“It’s amazing how real pain can be in your mind, isn’t it?” said Nightmare.

I found myself gasping for air, barely able to process what had just happened. A hallucination?
was a hallucination?

“Now are you ready to tell me everything?” asked Nightmare. “Or would you like to see what else I can do with my powers?”

My mind was spinning. Tell him everything? What else could I tell him? I’d already told him—

Wait. No, I hadn’t. There was something else. I could’ve kicked myself. It was the main reason Oracle invited me over to begin with.

“I’ll take your silence as a ‘no,’” said Nightmare.

“No, wait, wait, wait, wait, wait!” I said. “There is something! I forgot something!”

Nightmare shifted his arms in front of him, grabbing his right wrist with his left hand. Waiting.

“Uh . . . I was there,” I said, struggling to process my thoughts. “I mean . . . I was there in the vision. Flex was there too. We were both beat up pretty bad. That’s why Oracle wanted to talk to us. She thinks we might be connected to this somehow. I dunno.”

“That’s everything?” said Nightmare. He raised a thick eyebrow, unconvinced.

“Um . . . no, there’s something else,” I said. “Oracle wanted me to give something to Flex. A videotape. She said if I showed it to him, Flex would come visit her.”

As soon as I said this, I wondered if I was telling him something he already knew.

“Did you watch it already?” I asked. “The videotape?”

Nightmare responded with a glare that said, ‘none of your stinkin’ business.’

I responded with an apologetic, cowering look that said, ‘Sorry I even asked.’

Nightmare continued to stare at me for several long seconds. I felt like I was waiting for a bomb to explode. Would it blow up? Maybe it wouldn’t. Who knew! Let’s just wait and see what happens.

“I don’t believe you,” said Nightmare.

“What?” I said. “You don’t believe what?”

Nightmare didn’t answer. Instead, I heard the grinding of machinery as the back of the room opened up behind me. I could tell because of the light pouring in and especially the sudden, violent gust of wind. The ground beneath me slanted at an increasing downward angle. My chair slid backwards down a long, metal ramp.

“Whoa, whoa, whoa, wait!” I cried.

Too late.

The ramp ended and I was suddenly freefalling through the sky. I was staring at the tail of a giant, gray airplane. It continued to soar into the billowing clouds as I plunged, falling at over a hundred miles per hour. I looked up at the plane until it was lost from sight. It was only then that I realized I was screaming my throat raw.

Calm down. Calm down. This was just another hallucination. This wasn’t real.

I took a deep breath which was actually kind of difficult with the whipping wind current around me. The toppling and spinning was making me dizzy. However, once my chair found a steady, aerodynamic position to descend, it actually wasn’t that bad. Not nearly as bad as drowning. The splotchy green and brown landscape below me was really kind of beautiful . . . in a sick and twisted falling-to-your-death sort of way.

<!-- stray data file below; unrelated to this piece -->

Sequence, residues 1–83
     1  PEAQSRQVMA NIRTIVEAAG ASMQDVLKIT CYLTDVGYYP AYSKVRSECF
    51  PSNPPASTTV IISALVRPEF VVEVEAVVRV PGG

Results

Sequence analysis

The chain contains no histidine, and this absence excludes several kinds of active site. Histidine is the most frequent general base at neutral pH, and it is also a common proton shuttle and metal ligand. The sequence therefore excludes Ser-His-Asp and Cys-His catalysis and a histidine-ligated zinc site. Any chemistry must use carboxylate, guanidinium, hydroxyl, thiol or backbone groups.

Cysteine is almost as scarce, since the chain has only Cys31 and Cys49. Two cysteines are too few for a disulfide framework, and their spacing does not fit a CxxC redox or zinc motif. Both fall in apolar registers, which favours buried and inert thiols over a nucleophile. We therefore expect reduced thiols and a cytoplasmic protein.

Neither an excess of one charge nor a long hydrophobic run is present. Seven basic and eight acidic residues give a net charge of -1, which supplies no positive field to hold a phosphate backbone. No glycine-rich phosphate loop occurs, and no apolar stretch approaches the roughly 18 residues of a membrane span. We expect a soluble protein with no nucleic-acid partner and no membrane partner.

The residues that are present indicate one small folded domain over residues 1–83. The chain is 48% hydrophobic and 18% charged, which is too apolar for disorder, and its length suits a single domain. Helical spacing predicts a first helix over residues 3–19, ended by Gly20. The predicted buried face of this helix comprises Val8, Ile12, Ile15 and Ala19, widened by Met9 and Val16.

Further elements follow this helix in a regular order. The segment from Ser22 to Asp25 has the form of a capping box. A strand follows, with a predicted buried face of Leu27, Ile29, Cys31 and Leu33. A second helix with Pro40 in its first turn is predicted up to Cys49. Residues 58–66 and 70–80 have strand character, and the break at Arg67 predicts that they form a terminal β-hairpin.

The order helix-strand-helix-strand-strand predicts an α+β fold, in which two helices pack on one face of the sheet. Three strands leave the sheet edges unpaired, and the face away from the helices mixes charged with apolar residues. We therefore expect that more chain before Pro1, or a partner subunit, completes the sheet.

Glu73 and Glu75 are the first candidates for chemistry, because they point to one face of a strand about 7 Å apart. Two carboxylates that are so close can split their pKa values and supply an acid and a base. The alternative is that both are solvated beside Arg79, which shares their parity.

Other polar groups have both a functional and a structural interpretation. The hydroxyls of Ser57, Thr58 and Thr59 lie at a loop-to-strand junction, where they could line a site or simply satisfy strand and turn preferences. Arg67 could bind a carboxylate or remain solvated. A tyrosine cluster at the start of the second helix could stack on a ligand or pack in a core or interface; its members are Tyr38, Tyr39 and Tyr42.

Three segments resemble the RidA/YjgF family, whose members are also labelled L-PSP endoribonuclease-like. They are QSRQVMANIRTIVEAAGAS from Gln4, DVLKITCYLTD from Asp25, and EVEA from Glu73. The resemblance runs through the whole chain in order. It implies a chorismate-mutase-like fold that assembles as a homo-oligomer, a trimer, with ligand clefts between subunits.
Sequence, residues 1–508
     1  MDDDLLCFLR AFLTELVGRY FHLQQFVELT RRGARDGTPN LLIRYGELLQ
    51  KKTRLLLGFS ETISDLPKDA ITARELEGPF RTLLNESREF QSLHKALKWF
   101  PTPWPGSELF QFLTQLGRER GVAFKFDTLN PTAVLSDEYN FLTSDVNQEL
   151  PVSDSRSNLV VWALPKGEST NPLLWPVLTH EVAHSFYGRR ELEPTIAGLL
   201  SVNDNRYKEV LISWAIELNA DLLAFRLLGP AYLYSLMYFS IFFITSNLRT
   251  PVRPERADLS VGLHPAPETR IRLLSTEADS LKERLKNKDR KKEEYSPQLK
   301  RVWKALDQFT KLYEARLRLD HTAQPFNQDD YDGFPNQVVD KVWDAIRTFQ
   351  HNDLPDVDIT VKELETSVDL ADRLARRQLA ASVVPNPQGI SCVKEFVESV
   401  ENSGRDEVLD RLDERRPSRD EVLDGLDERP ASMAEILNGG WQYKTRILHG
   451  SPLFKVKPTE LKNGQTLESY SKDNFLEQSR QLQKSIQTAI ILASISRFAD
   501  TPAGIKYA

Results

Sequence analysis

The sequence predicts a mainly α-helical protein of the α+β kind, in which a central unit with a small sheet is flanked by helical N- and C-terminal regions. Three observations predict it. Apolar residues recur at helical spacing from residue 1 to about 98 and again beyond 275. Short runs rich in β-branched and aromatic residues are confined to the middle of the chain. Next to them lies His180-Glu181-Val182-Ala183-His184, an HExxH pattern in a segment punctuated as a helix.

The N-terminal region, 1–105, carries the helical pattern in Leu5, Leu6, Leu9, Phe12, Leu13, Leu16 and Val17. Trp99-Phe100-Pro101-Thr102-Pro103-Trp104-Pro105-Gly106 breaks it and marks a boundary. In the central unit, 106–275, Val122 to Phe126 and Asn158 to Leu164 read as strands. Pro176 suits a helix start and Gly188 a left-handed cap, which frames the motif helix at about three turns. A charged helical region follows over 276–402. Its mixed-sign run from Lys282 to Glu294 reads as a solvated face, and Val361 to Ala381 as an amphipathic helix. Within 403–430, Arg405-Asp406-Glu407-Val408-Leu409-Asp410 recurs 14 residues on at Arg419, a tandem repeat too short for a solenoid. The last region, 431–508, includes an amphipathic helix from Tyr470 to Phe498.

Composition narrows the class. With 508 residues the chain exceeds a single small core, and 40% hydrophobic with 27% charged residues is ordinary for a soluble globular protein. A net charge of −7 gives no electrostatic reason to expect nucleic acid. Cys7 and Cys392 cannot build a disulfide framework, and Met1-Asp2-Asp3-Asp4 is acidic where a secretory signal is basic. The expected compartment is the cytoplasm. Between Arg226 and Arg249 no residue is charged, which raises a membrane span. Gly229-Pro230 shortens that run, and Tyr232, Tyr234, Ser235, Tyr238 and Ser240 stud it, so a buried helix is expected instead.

If this was just a hallucination, could I still communicate with Nightmare?

“Okay, you can bring me back now!” I shouted into the rushing sky. “Just tell me what you don’t believe!”

No response. Only the howl of the wind. The ground below was growing considerably closer.

“Can you hear me?” I asked. Desperation was creeping into my voice. “C’mon! I know you can hear me!”

I could now see tiny details—individual trees, roads, power lines . . .

I closed my eyes. It was just a hallucination. I wouldn’t hit the bottom. As long as I kept my eyes shut, everything would be just fine.

I kept falling. The anticipation of the
was clawing beneath my skin.

Out of some sick reflex, my eyes opened.

Grassy green death rushed at me so fast, I barely had time to scream. By the time any sort of sound could escape my throat, I jerked violently and futilely against my restraining ropes, still tied to my bolted down steel chair.

Nightmare hadn’t moved an inch.

Even though I could barely move my body, I could feel myself shaking. I had never trembled so hard in my entire life. I couldn’t take another hallucination like that. It was too real.

I waited for Nightmare to speak. He said nothing. I wondered if he was even breathing. The guy was like a wax sculpture.

“Just tell me what you want to know,” I said. “I’ll tell you whatever you want.”

Nightmare was silent for several long seconds. His expression didn’t budge.

Finally, he shrugged his gorilla-sized shoulders. “You tell me what I want to know.”

My mouth drifted ajar. Was this some sick kind of joke? This guy was certifiably insane.

“I don’t know what you want,” I said. “I’d tell you if I knew. I’ve told you everything that happened. Help me out here. Please!”

“You know,” said Nightmare. “I know you know.”

I shook my head frantically. “No! I don’t know!”

“I don’t believe you.”

“What?” I said. I was ready to hyperventilate. “NO! No, no, no, no, no—!”

The overhead light shut off. But even without the light, I could tell the texture of the floor had changed. It was moving. A squirming, writhing mass. Hissing.

Something long and scaly flicked my ankle with its tongue and proceeded to slither up my leg.

Indiana Jones and I have three things in common. Good looks? Check. Unquenchable sense of adventure? Double check.


Triple check. Yeah. We’re both terrified of snakes.

Giant rolling boulders, Nazis, and human-sacrificing cults I can handle. But so help me if there’s a snake in the equation. Let alone a slimy, slithering room full of them.